Newsletter January – February 2019: Dental Health Awareness – Importance of Brushing Teeth
February is National Children’s Dental Health Month and we want to provide some useful tips and knowledge about children’s oral health.
Tooth decay is one of the most common chronic conditions children in the United States face. Untreated cavities can cause severe pain and lead to infections that can cause problems with eating, speaking, playing, and learning. Poor oral health can also eventually lead to missing school which could result in lower grades.
Infants are susceptible to tooth decay if they have been given pacifiers dipped in sugar, honey, juice, etc. Tooth decay can also begin when cavity-causing bacteria is passed from the saliva of a mother or care-giver to the baby’s mouth. This is likely to happen if someone cleans a pacifier in their mouth or shares a feeding spoon with the baby.
Children often develop a fear of visiting the dentist therefore it’s important to mold their views about dental visits and oral health positively.
Here are some useful tips to get your child excited about oral health
- Make oral health an important part of your daily routine. Try to make brushing teeth fun by creating a song they can hum or listen to while brushing. This is also a great way to teach them to take their time.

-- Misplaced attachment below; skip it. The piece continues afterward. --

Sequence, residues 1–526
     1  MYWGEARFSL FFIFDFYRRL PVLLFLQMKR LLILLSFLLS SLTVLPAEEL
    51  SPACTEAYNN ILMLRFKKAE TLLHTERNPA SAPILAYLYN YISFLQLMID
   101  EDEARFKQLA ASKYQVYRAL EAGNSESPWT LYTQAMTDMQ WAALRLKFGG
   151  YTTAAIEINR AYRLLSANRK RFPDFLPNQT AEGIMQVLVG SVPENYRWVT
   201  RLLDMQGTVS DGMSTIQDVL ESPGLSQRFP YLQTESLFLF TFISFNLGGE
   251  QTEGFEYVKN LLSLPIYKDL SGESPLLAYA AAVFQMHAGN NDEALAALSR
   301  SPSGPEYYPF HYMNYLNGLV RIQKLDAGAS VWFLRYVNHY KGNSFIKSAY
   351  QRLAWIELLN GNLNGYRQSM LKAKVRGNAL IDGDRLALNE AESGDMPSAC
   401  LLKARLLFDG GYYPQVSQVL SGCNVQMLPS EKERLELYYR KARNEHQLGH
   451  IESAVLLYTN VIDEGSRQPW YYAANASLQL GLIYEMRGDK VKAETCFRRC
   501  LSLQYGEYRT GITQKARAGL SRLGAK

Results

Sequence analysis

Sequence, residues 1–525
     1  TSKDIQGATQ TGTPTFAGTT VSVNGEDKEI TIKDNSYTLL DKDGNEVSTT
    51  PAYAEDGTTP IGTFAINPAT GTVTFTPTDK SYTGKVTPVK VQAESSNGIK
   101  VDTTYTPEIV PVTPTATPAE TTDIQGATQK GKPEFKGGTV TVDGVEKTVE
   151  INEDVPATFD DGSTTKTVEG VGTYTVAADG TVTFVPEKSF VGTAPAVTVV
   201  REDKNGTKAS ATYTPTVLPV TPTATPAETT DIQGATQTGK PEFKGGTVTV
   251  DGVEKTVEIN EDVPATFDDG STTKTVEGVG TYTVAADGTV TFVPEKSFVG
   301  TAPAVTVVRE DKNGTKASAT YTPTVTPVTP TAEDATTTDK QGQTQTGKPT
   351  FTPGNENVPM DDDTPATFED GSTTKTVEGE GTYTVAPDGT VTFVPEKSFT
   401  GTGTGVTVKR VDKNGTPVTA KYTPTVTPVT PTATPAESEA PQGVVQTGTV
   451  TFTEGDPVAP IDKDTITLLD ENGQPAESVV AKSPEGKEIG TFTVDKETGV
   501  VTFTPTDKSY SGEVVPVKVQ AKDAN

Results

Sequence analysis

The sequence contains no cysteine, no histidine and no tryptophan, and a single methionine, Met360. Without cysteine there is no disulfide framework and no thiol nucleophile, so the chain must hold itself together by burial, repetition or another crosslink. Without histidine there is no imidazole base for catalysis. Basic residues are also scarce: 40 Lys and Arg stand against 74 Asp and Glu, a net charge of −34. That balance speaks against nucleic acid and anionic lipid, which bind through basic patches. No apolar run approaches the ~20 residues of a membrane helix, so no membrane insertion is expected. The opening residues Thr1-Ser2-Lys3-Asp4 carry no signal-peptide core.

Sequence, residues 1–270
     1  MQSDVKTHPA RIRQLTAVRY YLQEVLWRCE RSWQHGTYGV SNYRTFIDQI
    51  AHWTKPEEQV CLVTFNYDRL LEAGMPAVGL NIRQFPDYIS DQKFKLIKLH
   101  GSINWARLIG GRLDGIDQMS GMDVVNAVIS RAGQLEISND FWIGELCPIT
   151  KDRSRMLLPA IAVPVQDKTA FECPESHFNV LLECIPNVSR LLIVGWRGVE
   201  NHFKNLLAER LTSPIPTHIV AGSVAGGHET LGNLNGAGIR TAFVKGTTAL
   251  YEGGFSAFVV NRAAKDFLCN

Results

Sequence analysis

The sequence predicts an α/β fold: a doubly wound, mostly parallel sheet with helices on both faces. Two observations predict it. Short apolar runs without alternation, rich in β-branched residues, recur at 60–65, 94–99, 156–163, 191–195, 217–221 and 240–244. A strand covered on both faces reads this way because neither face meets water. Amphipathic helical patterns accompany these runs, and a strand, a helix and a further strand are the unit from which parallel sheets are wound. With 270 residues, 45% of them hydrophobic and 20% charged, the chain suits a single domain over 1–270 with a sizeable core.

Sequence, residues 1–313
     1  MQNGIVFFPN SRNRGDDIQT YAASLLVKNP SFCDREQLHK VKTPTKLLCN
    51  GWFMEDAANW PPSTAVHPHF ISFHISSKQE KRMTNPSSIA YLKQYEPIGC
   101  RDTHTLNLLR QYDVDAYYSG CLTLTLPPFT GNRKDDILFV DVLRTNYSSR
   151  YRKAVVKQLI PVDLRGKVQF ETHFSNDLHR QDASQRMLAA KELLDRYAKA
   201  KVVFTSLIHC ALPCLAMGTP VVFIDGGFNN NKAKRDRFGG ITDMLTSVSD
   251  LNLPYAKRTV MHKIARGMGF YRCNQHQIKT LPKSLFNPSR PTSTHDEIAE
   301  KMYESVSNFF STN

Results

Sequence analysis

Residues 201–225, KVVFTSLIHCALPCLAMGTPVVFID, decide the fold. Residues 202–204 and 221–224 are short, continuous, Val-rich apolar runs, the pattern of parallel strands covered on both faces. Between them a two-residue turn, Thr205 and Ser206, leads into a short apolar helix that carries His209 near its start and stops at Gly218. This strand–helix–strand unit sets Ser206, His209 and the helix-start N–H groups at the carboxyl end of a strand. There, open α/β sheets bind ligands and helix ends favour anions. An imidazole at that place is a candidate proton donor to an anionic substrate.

- Introduce books about visits to the dentist and oral health. Make it a routine to read a book before or after they brush their teeth, this creates excitement.
- Try brushing your teeth as a family. When children see an adult doing something they too will be influenced to do the same. If your little ones see that you like brushing your teeth, they’ll be more interested in brushing theirs.
- Allow children to choose the toothbrush they want. Whether it’s a toothbrush with their favorite TV character or their favorite color, offering that type of independence will make them feel good and make them want to keep brushing their teeth.
Tips on how to prepare your little one for their first dentist visit:
- Talk to your child and explain why oral health is important.
- Let them know what they can expect and avoid creating anxiety around the visit.
- Schedule the appointment at a time the child is well rested.
- Avoid using a visit to the dentist as a punishment or threat.
These tips are sure to help your little ones develop positive associations to dental health. The American Dental Association recommends that the first dental visit take place within six months after the first tooth appears, but no later than a child’s first birthday.
First 5 San Diego has partnered with Oral Health Providers through our program Oral Health Initiative to provide a variety of oral health services throughout San Diego County. These services include dental screenings, exams, treatment, care coordination, and oral health education for children ages 0-5 and pregnant women. For more information about our Oral Health Initiative you can visit our website or give us a call at 1-888-5 FIRST 5.
Most First 5 San Diego community events provide free bilingual books to community members which include the book, “Potter the Otter Visits the Dentist” in addition to stage 1 toddler toothbrushes.